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CNBC

Bridgit Mendler SM '20, PhD '24 has co-founded Northwood Space, a startup working to mass produce ground stations that connect to satellites in space, reports Michael Sheetz for CNBC. “The vision is a data highway between Earth and space,” says Mendler. “Space is getting easier along so many different dimensions but still the actual exercise of sending data to and from space is difficult. You have difficulty finding an access point for contacting your satellite.”

The Boston Globe

Prof. Emeritus Thomas Kochan speaks with Boston Globe reporter Katie Johnson about the impact of return-to-office mandates on employers and employees. “If Friday and Monday are strong preferences [to work remotely], you’re really risking alienating more people,” says Kochan.  “You can expect they’re going to lose some of their talent to employers that have more favorable hybrid arrangements.”

Forbes

Writing for Forbes, Research Scientist, Christian Catalini, founder of the Cryptoeconomics Lab, discusses the future of crypto. “We've now been waiting for crypto's "killer app" for over a decade, just like AI was waiting for its ChatGPT moment,” writes Catalini. “By focusing on utility instead of speculation, crypto can finally deliver on its long-awaited promise.”

New York Times

Research scientist Beth Pollack speaks with the New York Times’ Pam Belluck about her work studying the mechanisms of long Covid-19 and myalgic encephalomyelitis/chronic fatigue syndrome (ME/CFS). “Experts said the study, which is the N.I.H’s first detailed look at ME/CFS, should be considered only one step in understanding the condition, its severity and potential remedies,” explains Belluck. “We must advance the field towards research on treatment,” says Pollack.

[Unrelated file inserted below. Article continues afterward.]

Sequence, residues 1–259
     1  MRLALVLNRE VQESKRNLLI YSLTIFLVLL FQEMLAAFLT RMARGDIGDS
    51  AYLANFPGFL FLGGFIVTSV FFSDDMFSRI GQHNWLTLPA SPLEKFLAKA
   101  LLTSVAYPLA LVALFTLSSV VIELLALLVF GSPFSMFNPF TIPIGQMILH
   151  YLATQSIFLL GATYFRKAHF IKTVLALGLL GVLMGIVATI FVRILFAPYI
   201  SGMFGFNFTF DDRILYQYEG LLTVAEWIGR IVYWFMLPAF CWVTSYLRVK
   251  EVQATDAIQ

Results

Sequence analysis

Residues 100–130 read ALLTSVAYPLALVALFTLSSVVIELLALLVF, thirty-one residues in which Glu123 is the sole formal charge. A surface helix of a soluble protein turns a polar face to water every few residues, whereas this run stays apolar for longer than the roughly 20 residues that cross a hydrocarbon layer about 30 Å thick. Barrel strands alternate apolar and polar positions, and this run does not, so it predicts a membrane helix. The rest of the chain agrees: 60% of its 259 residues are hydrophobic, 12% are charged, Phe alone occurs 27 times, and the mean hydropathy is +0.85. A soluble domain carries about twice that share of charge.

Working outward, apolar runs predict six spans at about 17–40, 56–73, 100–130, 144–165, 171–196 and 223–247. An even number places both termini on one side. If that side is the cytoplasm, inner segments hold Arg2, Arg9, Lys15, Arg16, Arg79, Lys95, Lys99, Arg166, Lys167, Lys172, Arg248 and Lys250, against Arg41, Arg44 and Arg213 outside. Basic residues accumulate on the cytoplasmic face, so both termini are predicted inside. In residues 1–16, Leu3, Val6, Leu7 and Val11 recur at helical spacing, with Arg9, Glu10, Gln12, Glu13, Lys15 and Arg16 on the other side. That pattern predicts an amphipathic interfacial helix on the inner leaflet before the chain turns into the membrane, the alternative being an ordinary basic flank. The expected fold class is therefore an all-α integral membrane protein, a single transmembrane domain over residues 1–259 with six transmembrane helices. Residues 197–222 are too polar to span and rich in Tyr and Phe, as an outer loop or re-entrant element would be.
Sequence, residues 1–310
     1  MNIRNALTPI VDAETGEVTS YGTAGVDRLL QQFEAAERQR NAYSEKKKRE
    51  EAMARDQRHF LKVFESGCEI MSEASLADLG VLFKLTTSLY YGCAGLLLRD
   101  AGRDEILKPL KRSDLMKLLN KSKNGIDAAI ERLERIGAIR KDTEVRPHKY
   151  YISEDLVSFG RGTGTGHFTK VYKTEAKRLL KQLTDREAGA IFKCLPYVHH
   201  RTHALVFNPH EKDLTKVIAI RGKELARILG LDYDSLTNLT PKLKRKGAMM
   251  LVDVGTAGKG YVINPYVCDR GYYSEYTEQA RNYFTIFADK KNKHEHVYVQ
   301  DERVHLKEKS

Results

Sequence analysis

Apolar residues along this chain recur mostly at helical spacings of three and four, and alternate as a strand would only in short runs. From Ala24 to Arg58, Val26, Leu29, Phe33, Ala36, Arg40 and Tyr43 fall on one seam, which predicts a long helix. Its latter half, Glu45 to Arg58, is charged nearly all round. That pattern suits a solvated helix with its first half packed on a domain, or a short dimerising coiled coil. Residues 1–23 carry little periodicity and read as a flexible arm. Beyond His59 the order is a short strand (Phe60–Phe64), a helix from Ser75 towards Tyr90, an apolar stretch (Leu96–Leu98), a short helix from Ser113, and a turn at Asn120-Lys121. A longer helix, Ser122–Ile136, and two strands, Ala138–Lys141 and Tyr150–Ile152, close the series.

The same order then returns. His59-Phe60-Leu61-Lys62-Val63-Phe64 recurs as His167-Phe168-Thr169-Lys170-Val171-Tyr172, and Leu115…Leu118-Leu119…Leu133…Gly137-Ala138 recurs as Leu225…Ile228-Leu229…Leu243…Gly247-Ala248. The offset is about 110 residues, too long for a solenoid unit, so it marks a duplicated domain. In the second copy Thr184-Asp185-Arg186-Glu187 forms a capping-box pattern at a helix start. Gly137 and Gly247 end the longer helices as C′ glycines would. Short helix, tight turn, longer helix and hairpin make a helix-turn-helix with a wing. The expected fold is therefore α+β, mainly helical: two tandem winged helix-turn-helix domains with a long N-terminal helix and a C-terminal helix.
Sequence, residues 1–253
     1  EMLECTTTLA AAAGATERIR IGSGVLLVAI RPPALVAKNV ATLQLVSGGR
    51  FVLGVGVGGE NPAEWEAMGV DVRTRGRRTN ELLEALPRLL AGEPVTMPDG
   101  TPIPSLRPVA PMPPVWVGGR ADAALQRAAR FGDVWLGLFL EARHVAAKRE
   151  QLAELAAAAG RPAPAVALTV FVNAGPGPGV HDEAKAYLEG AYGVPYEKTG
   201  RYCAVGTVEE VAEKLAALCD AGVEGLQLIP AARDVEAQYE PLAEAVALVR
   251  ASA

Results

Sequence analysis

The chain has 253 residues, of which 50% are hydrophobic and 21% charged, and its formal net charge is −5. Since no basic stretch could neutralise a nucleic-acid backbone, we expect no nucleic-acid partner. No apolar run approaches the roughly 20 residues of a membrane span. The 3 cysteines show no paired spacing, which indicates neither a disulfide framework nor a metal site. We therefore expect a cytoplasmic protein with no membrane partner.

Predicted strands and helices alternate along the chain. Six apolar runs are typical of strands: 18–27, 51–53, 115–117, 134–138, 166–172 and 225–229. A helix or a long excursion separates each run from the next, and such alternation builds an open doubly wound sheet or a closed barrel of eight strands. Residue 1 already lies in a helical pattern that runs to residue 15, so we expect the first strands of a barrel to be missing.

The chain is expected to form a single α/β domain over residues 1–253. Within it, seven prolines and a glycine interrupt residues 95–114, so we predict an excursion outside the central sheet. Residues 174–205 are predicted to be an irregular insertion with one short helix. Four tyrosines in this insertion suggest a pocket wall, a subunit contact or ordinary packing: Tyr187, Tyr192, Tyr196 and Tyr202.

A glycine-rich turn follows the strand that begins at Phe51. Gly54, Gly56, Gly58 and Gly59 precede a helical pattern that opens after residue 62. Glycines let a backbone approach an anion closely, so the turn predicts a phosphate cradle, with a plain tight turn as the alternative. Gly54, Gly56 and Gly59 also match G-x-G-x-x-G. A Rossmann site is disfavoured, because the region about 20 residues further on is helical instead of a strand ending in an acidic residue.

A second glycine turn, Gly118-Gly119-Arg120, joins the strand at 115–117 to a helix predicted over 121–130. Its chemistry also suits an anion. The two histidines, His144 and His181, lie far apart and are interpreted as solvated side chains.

Quanta Magazine

Prof. Erin Kara speaks with Quanta Magazine reporter Michael Greshko about her career as an observational astrophysicist and her work to better understand how black holes behave and reshape galaxies across the universe. “The thing that really got me excited about pursuing astronomy was the discovery aspect: It was just super thrilling to be the first person to look at light that was released from around a black hole a billion years ago,” says Kara.

The Daily Beast

MIT researchers have developed a new technique “that could allow most large language models (LLMs) like ChatGPT to retain memory and boost performance,” reports Tony Ho Tran for the Daily Beast. “The process is called StreamingLLM and it allows for chatbots to perform optimally even after a conversation goes on for more than 4 million words,” explains Tran.

NPR

Prof. Paulo Lozano speaks with Kaity Kline of NPR’s Morning Edition about the space stations of the future and how NASA collaborating with private companies on the development of the next iteration of the International Space Station could spur new technological advancements. “Once you have entrepreneurship and you have a commercial interest, that accelerates technology development,” says Lozano. 

The Boston Globe